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The law of new inventions

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2 October 2005

by Mike Rozak

 

 

Imagine that you have an idea for a new invention and that you want to get people's feedback about the new invention. What will happen?

To make the abstract case more concrete, imagine that it's the 1940s and you figured out how to build a microwave oven. You haven't built one yet, since the R&D is pretty expensive. However, you get together a focus group of people and ask them if they think a microwave oven would be a good idea. In order to get the best responses, you select people that use conventional ovens for your focus group.

What kind of feedback will the give?

  • 50% of the people won't even understand your idea. Either they won't be paying attention to your description of a microwave oven, or they paid attention but just don't get it. They will provide sincere feedback, but it will be clear from their feedback that your presentation of a microwave oven just went over their heads. Their feedback will include nonsense such as, "That's great, but how long does it take to pre-heat the oven?"

  • 25% of the focus group will understand your idea, but they won't have spent much time thinking about it. (After all, you have spent years pondering the invention, while they only have 10 minutes to consider to the idea.) Their feedback is mostly useless too, "I want it to display the time of day using a red digital display, not a blue one, and I don't want the numbers to be too large."

  • The remainder will understand what a microwave oven is, and will have spent enough time to provide reasonable feedback... However, most of the feedback they provide will be reasons why your microwave oven won't work for them, such as "It won't brown bread," or "I can't use my metal pans in the oven," or "That would be great, but a microwave oven is theoretically impossible."

 

You can spend years trying to convince members of the focus group (or the general population) that a microwave oven can be built, and that uses will exist for it. What you'll discover is:

  • Some people cannot (or will not) be convinced no matter how hard you try.

  • The more radical your invention, the less likely that people will believe it's possible.
    • Corollary: If most people believe your invention is possible, it's not a new invention.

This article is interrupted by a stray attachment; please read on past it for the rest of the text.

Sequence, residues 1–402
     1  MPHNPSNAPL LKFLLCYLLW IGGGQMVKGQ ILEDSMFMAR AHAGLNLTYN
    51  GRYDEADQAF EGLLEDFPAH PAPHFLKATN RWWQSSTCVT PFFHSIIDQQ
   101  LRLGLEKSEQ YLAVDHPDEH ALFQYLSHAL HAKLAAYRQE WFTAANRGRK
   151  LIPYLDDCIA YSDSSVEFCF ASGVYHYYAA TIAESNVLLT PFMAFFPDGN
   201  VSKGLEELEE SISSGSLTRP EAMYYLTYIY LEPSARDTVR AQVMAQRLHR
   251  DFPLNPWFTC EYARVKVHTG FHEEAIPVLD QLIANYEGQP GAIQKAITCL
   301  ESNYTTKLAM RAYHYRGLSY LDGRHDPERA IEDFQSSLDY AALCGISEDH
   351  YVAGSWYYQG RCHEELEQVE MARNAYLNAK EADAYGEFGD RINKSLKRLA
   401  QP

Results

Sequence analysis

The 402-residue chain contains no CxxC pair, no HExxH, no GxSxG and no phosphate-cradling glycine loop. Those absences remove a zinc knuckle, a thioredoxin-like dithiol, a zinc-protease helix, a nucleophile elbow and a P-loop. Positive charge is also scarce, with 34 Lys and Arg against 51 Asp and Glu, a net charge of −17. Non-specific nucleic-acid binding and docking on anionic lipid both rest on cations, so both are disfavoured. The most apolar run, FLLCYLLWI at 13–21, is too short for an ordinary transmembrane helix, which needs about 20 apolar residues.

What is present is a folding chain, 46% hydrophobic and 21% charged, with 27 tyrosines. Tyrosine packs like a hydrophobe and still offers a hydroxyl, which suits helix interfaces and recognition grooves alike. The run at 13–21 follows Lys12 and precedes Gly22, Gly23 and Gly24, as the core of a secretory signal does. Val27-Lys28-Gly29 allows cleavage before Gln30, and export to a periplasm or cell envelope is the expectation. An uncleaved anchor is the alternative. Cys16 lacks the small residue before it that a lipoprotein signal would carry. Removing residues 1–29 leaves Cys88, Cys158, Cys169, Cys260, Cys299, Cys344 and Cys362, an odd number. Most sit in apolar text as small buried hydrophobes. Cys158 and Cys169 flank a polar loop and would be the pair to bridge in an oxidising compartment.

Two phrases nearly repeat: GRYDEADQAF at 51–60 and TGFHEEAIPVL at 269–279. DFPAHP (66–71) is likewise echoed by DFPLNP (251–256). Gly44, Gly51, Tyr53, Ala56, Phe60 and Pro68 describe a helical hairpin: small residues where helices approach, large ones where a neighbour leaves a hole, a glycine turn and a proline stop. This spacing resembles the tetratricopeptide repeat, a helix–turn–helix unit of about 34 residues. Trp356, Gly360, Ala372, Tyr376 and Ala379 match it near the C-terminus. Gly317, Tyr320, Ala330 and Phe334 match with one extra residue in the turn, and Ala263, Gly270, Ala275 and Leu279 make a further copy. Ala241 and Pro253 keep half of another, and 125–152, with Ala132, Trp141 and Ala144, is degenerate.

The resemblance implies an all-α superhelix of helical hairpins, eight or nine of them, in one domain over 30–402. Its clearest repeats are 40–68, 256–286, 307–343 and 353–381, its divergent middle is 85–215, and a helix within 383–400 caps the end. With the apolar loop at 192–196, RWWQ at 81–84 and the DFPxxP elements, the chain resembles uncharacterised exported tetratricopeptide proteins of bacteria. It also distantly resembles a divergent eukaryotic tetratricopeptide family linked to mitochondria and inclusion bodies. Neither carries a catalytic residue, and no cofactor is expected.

• If you do find a loyal band of believers, many/most of them will give you feedback that, if you listen to it, will cause you to reinvent the conventional oven, but call it a microwave.

 

You eventually give up trying to convince people that microwaves will work, and build a prototype yourself. You present the prototype to your focus group, only to discover:

  • Most inventions are failures. They either cannot be created or they have so many flaws that people don't want to use them. Assuming that your newly-invented microwave works...

  • New inventions aren't perfected. Conventional have been perfected over hundreds of years. Inevitably, the first microwave ovens will have problems too. Not to mention the high price tag attached to any new technology. These will turn off potential users. Opponents of your invention will point to the flaws and claim that microwaves will never work.

  • Just about all the hypothetical problems that people pointed out in the first focus group turn out to be true. Microwave ovens won't brown bread. You can't put metal pans in them. Microwaved meat tastes awful. Etc.

  • Most conventional oven users will still be negative about your microwave oven. The reasons for this are:
    • Most people don't like change.
    • Microwave ovens can't do everything that conventional ovens can (such as brown breads). People using conventional ovens often rely on those features; if the microwave oven doesn't have the feature they won't use it. To this day, bread is still baked in a conventional oven (or a bread maker).

  • You may convert a few conventional-oven users to purchase your new invention. However, your best bet is to approach new markets, such as:
    • People that eat lots of baked potatoes or corn on the cob.
    • People reheating leftovers.
    • People that buy prepared food and reheat it in the microwave. Of course, the prepared food market didn't really take off until microwaves became popular... a bit of a bootstrap problem.
    • People that heat up water to make tea/coffee.
    • Popcorn eaters.

  • Unfortunately, if you had anticipated the new markets from the start and included them in your original focus group their feedback wouldn't be any better... "Why do I need my potato baked in 2 minutes?", "I can boil a cup of water on the oven just as easily", "I already have a popcorn maker."

 

Does this sound too cynical?

 

Copyright 2005 by Mike Rozak. All rights reserved.
Mike@mXac.com.au
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